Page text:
DALLAS — Freezing rain and stinging winds slammed the Southwest Friday and made a strangely blank landscape out of normally sun-drenched North Texas: mostly empty highways covered in a sometimes impassable frost, closed schools and businesses, and millions of residents hunkered down for icy conditions expected to last through the weekend.
Earlier this week, many in Texas were basking in spring-like temperatures that hit the 80s. But by Thursday, Texas was facing the same wintry blast that has slammed much of the U.S., bringing frigid temperatures, ice and snow.
The weather forced the cancellation of Sunday’s Dallas Marathon, which was expected to draw 25,000 runners, some of whom had trained for months. A quarter of a million customers in North Texas were left without power, and many businesses told employees to stay home to avoid the slick roads.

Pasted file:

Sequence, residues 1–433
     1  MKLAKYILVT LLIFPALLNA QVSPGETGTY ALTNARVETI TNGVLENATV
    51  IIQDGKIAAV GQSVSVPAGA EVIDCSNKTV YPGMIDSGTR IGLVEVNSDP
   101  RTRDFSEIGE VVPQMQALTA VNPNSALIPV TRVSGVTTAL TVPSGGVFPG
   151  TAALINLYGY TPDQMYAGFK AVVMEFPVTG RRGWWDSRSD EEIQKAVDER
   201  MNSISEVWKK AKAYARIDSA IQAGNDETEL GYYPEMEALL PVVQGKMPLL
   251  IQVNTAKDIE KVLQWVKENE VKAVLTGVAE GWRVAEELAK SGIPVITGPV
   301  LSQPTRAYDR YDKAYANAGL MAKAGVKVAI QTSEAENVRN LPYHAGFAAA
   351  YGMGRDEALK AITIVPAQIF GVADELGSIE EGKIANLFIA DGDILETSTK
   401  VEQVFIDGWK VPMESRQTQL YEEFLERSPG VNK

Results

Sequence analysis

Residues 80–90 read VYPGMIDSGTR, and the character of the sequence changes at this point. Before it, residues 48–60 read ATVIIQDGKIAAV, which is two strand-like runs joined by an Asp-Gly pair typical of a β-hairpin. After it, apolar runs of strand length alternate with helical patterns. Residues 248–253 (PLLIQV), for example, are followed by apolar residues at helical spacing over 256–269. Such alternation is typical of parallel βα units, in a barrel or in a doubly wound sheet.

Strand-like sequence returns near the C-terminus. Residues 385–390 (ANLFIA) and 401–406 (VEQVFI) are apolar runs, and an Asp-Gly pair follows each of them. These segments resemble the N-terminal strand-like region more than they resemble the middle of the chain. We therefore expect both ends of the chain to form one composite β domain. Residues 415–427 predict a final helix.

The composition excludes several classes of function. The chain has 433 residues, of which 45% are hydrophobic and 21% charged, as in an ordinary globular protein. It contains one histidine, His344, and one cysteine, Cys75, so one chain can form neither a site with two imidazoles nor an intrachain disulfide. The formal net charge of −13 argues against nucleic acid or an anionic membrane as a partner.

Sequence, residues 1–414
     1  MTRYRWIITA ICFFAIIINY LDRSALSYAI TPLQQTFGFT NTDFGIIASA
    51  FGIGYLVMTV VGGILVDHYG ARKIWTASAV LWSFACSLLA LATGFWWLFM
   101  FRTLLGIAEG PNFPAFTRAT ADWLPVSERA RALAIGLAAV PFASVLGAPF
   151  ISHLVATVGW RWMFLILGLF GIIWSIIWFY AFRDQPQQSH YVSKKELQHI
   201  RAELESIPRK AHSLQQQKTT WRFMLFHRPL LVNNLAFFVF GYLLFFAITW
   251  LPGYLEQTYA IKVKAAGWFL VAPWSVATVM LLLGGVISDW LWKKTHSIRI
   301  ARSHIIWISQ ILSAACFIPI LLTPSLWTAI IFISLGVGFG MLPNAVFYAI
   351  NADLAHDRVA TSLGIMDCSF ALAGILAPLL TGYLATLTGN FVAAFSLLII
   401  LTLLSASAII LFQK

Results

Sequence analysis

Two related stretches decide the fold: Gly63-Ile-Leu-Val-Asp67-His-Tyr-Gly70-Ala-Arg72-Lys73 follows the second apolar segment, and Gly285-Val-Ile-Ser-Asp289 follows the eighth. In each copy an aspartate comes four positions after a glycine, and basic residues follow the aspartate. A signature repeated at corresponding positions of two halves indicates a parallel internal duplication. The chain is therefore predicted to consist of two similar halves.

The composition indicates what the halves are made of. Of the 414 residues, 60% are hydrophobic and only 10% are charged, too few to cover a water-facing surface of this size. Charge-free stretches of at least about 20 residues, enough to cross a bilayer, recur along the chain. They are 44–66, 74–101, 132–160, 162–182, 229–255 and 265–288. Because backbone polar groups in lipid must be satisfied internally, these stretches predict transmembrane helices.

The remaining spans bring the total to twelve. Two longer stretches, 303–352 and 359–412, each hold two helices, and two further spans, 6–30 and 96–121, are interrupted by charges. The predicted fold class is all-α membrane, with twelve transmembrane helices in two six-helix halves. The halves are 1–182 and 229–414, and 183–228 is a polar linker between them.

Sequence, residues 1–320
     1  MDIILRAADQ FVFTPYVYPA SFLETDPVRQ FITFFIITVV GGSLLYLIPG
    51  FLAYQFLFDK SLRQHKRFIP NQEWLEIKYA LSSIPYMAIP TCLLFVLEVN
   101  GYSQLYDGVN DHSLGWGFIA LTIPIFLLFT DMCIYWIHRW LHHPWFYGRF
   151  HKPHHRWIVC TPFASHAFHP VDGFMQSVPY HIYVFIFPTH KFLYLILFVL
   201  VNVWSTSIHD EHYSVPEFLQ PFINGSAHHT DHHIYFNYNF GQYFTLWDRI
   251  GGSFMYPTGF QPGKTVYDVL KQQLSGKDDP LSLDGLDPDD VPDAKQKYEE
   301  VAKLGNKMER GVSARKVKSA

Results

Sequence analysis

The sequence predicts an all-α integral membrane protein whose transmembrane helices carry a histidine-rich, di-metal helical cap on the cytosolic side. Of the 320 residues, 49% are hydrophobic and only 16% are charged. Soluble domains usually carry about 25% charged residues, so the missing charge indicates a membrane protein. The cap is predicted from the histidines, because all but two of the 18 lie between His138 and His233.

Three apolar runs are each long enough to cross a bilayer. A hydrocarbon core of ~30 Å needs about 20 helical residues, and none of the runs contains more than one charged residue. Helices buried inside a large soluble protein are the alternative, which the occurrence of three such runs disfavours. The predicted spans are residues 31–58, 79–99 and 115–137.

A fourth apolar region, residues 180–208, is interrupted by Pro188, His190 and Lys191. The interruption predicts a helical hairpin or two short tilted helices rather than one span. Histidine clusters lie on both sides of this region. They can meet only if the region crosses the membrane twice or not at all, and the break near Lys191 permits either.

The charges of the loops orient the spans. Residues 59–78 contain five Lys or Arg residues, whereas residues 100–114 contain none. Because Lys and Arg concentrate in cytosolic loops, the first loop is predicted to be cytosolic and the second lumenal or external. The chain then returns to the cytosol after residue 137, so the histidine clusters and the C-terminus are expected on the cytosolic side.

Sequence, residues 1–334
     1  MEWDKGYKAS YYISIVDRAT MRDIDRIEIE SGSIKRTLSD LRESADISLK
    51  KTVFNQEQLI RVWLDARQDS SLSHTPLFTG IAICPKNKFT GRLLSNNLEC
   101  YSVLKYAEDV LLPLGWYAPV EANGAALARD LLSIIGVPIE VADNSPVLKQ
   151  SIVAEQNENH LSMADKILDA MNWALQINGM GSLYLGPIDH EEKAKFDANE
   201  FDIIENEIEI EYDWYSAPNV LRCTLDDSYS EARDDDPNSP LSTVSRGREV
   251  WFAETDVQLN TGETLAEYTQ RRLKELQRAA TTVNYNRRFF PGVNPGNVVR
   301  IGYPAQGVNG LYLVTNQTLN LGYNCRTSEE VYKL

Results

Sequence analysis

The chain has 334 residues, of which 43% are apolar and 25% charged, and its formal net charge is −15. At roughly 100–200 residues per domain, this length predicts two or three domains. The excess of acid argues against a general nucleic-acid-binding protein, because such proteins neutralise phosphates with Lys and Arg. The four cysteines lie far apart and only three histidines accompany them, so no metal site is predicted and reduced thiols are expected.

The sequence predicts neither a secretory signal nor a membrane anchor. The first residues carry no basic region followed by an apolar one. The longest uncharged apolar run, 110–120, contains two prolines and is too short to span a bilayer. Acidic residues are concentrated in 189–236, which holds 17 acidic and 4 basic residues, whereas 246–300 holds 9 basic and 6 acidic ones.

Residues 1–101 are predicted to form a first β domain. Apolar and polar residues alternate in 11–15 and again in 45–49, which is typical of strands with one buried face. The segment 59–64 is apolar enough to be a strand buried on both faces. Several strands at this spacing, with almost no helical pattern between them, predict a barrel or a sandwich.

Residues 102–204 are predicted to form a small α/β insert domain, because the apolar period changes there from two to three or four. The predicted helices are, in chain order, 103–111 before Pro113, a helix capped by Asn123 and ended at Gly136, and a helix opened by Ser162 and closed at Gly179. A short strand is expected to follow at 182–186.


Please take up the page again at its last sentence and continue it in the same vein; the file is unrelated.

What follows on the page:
Rob Yates, 44, of the Dallas suburb of Rowlett, had trained for four months to participate in the half-marathon Sunday — his first time competing at that distance. His wife and three children were going to attend the race to volunteer and cheer him on, he said.
Now, “I’ll probably be catching up on some work,” Yates said, laughing.
Yates spent Friday at home with his children, who were outside pulling off icicles and wishing more snow had fallen. But Yates, originally from near Manchester, England, said he stayed inside with his wife.
“It’s kind of unusual weather for Dallas, so they’re just having fun with it,” Yates said. “Me and my wife — adults are not particularly impressed with it.”
Friday’s storm stretched from South Texas, where anxious residents bagged outdoor plants to protect them from the cold, through the Midwest and Ohio Valley and up into northern New England and the Canadian Maritimes.
In North Texas, agencies and residents haven’t forgotten the disastrous week before the Super Bowl two years ago, when an inadequate response to a snowstorm crippled the region and left visitors stranded on impassable highways.